Opportunity cost

In this way, framing data monetisation as an opportunity in the same way that fintech does could be disastrous for an incumbent like Nordea. Data isn’t just a window on risk, but a factor contributing to it.

“Of course, there are areas where we are piloting and trying to understand what we can do with data monetisation, but we are a bit conservative and careful there,” says Kam. “In a good way, I think – you don’t want to lose the trust.”

That’s something Nordea prides itself on explaining to fintechs. Particularly given how much of their resources are tied up in complying with regulation, incumbents rarely have the time, spare funds or expertise to build the best AI apps for customers, let alone bust their own silos and remake their infrastructures.

Engaging smaller, more specialised fintechs is often the only option – and it’s here that Nordea’s story has the most relevance to the rest of the industry.

“In anything we do, we need to understand if we can partner before we buy or before we build,” explains Kam.

“Maybe we can find the fintechs who can provide value-added services immediately, who have a given capability that would be great to integrate in our offering, but the journey starts there. Just scanning the market, you can find good solutions, but the challenge is trying to see if you are culturally suited to work together, if they are financially sound and if they can adjust to the complex way banks work.”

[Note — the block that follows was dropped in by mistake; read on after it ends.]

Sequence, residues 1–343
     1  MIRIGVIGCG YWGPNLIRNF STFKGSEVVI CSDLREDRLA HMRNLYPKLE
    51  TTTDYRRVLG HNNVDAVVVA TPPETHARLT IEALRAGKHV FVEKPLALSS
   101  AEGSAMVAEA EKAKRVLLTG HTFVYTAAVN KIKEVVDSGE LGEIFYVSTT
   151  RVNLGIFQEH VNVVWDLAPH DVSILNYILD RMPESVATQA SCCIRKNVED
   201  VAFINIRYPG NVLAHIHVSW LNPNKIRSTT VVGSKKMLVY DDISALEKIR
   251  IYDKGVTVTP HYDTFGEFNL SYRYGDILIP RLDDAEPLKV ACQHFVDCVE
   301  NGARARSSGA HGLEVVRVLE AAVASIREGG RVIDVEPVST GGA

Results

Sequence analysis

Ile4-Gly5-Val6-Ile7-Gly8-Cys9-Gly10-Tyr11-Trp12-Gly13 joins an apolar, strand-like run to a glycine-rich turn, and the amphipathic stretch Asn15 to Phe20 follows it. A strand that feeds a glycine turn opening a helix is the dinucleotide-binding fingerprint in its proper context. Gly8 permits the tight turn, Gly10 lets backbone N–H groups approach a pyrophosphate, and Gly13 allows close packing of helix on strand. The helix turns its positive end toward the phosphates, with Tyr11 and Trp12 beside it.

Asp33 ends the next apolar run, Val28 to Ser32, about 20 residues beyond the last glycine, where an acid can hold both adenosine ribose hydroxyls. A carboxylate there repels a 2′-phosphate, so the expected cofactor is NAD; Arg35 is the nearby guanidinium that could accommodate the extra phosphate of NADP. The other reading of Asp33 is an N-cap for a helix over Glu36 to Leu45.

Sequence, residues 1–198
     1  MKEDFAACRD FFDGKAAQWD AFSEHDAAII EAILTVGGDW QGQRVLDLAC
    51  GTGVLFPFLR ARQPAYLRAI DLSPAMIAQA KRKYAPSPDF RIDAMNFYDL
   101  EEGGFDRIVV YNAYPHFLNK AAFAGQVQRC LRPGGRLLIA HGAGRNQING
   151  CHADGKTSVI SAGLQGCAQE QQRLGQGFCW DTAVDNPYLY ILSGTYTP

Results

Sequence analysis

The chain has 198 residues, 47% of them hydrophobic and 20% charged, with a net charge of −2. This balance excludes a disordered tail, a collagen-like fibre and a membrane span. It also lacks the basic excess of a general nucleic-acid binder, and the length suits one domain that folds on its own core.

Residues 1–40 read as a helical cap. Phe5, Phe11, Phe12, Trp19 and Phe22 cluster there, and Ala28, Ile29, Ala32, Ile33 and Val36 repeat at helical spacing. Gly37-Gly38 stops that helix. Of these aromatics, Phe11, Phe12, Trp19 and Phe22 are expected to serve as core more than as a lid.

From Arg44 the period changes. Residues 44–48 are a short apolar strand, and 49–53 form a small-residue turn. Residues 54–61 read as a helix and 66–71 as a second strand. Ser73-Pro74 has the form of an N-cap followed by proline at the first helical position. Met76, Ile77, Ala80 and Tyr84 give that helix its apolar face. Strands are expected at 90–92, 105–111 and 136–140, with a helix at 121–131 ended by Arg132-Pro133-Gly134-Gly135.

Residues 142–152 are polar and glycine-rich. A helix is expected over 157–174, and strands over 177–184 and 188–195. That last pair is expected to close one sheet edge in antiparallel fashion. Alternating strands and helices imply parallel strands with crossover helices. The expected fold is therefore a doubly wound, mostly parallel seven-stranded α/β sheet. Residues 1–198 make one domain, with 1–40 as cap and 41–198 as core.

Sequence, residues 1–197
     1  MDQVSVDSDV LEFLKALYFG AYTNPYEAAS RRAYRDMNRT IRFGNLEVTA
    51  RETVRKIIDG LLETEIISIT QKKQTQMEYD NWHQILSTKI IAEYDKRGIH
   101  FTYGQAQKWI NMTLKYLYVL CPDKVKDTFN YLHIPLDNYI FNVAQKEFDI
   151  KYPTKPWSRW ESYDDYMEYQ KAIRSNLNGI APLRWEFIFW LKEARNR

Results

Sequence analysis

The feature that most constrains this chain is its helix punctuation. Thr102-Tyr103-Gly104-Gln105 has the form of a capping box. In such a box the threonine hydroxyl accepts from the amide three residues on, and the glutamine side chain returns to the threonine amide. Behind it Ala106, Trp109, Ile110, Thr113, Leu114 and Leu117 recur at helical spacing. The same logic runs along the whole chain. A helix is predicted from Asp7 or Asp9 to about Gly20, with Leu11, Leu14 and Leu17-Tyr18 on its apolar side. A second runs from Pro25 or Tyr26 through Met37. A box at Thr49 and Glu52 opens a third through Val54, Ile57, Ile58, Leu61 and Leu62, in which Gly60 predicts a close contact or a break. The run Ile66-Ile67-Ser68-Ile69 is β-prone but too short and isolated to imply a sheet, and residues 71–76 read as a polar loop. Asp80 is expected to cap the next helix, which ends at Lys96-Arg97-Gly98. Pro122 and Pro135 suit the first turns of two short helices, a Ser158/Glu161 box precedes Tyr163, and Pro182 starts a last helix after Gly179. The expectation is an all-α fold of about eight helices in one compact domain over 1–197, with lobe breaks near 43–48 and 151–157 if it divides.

Indeed, for all that digitalisation does to spare humans the quirks and annoyances of dealing with each other, it won’t change the fact that banking is a cultural phenomenon.

As their high street histories imply, the complexities of incumbent banks differ depending on where they are. Nordea is careful not to stake its reputation and relationships on a too-hasty digital transformation, but its geography has enabled it to move much faster than many similarly sized institutions.

In contrast with much of Europe, Nordic governments and their citizens have wholeheartedly embraced digital identity services. Bank IDs, for instance, are used for tax submissions as well as online payment authorisations. In Denmark, where Kam lives, the public received their Covid-19 vaccine invites in the same ‘e-Boks’ as their bank statements.

“That’s a big, big benefit in the Nordics,” stresses Kam. “We have the infrastructure already.”

As part of its payment strategy, the EU Commission is trying to extend similar standards across the rest of Europe, but aligning 27 heterogeneous states across a whole continent is a challenge of a different order. Trust isn’t viral.

This article originally appeared in Future Banking winter 2021.